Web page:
Dating from 1594, this is Ireland's finest example of a Tudor merchant's house, complete with a restored medieval garden. Built around a series of courtyards, it now houses a museum with a rather sparse display of local artefacts, including a rusted Viking sword and a grinning stone head sculpted by a Celtic artist. The highlight is the delightful walled garden, divided into fruit, vegetable and herb sections and a traditional orchard, as it would have been in the 17th century.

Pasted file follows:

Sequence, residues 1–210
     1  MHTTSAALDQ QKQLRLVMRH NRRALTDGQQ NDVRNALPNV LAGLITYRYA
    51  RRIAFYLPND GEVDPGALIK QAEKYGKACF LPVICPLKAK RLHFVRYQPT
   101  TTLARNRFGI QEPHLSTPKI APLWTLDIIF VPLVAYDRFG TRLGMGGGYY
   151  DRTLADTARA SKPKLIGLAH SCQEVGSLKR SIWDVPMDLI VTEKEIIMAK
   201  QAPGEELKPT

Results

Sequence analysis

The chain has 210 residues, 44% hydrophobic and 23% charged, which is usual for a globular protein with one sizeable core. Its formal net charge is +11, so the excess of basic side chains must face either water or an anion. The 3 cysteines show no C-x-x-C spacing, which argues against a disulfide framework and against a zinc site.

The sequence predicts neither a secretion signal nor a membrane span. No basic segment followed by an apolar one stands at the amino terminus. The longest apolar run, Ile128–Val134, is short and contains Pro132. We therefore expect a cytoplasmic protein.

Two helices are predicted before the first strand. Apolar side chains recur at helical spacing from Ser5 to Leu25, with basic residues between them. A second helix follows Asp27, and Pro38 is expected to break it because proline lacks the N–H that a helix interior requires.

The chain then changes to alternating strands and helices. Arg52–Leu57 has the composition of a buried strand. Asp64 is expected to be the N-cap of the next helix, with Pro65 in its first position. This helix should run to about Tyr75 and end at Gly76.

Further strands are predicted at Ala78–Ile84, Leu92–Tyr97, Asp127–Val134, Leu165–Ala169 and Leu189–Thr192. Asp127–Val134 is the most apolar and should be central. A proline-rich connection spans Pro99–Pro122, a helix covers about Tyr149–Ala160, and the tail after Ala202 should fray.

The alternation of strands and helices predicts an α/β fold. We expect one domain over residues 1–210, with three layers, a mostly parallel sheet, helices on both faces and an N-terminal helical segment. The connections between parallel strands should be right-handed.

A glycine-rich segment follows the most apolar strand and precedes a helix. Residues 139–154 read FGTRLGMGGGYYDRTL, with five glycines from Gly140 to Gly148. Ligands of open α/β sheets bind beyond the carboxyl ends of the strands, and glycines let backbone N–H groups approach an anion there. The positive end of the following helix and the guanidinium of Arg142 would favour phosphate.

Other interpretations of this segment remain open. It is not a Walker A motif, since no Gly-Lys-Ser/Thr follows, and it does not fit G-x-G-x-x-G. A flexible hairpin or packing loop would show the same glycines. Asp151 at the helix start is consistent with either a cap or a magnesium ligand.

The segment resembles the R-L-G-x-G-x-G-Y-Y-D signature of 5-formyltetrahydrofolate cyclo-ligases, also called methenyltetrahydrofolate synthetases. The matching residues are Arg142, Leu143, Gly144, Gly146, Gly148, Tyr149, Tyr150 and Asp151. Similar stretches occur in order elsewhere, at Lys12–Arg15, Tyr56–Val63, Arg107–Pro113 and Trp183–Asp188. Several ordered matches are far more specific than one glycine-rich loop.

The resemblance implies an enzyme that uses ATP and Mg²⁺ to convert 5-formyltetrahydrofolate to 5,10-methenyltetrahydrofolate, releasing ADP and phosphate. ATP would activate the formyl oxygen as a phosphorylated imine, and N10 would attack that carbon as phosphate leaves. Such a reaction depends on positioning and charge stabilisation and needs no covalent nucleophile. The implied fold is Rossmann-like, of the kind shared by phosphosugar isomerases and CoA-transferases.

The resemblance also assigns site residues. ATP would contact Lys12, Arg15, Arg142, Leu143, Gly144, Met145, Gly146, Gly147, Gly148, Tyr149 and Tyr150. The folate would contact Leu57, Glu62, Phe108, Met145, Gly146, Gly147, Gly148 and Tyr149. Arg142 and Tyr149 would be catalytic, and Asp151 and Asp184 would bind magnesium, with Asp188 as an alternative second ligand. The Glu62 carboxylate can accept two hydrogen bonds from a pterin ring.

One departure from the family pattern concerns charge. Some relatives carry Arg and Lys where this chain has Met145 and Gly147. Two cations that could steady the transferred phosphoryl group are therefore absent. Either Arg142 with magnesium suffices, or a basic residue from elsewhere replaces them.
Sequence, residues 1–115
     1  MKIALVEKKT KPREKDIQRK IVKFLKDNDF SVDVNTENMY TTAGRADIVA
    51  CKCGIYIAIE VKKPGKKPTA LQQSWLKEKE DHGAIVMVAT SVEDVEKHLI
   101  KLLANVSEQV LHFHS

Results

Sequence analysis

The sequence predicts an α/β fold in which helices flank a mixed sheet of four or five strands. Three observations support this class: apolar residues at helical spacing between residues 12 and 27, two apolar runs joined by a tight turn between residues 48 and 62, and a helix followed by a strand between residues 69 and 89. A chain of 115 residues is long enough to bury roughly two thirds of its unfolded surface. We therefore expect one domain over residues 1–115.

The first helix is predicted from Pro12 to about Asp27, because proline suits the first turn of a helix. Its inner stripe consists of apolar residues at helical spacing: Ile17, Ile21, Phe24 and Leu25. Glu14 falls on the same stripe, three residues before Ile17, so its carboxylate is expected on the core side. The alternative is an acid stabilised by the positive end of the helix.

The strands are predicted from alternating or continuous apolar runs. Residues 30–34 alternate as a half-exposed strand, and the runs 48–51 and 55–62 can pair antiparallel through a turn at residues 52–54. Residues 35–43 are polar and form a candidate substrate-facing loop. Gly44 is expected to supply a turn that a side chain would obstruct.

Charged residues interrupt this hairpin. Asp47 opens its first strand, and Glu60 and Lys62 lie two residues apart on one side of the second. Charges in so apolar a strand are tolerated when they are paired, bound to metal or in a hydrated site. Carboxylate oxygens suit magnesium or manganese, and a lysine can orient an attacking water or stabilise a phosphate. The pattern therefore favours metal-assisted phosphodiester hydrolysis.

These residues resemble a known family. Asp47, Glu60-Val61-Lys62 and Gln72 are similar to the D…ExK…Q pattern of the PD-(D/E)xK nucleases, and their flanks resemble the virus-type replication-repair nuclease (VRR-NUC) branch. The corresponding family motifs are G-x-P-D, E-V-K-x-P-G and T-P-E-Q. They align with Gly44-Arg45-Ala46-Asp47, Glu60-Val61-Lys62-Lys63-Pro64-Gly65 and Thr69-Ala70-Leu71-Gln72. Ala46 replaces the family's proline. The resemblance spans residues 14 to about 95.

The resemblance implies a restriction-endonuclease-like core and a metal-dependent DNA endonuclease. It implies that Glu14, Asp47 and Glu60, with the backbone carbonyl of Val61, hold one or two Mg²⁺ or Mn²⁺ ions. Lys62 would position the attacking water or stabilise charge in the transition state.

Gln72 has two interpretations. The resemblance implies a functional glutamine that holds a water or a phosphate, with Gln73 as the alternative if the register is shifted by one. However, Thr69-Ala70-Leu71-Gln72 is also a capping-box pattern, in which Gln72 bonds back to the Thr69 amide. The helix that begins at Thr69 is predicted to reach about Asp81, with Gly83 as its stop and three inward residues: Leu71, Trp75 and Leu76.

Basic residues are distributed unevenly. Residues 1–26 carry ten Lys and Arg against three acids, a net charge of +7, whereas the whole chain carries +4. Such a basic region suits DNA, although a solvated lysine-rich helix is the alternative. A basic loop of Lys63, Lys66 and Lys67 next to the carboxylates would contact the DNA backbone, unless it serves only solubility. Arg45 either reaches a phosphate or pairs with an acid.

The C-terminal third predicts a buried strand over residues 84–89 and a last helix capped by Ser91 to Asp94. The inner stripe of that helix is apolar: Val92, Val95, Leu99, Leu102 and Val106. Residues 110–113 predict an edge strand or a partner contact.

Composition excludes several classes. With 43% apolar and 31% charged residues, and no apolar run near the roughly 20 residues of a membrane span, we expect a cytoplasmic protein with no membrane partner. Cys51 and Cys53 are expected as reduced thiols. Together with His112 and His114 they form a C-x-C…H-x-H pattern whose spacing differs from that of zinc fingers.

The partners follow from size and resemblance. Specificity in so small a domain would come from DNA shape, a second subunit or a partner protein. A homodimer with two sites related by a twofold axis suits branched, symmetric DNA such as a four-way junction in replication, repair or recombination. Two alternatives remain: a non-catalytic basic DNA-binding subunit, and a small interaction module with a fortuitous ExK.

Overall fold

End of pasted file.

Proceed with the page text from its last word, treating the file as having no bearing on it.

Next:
There's also a genealogy centre here.
In the 1640s the wealthy Rothe family played a part in the Confederation of Kilkenny, and Peter Rothe, son of the original builder, had all his property confiscated. His sister was able to reclaim it, but just before the Battle of the Boyne (1690) the family supported James II and so lost the house permanently. In 1850 a Confederation banner was discovered in the house; it's now in the National Museum in Dublin.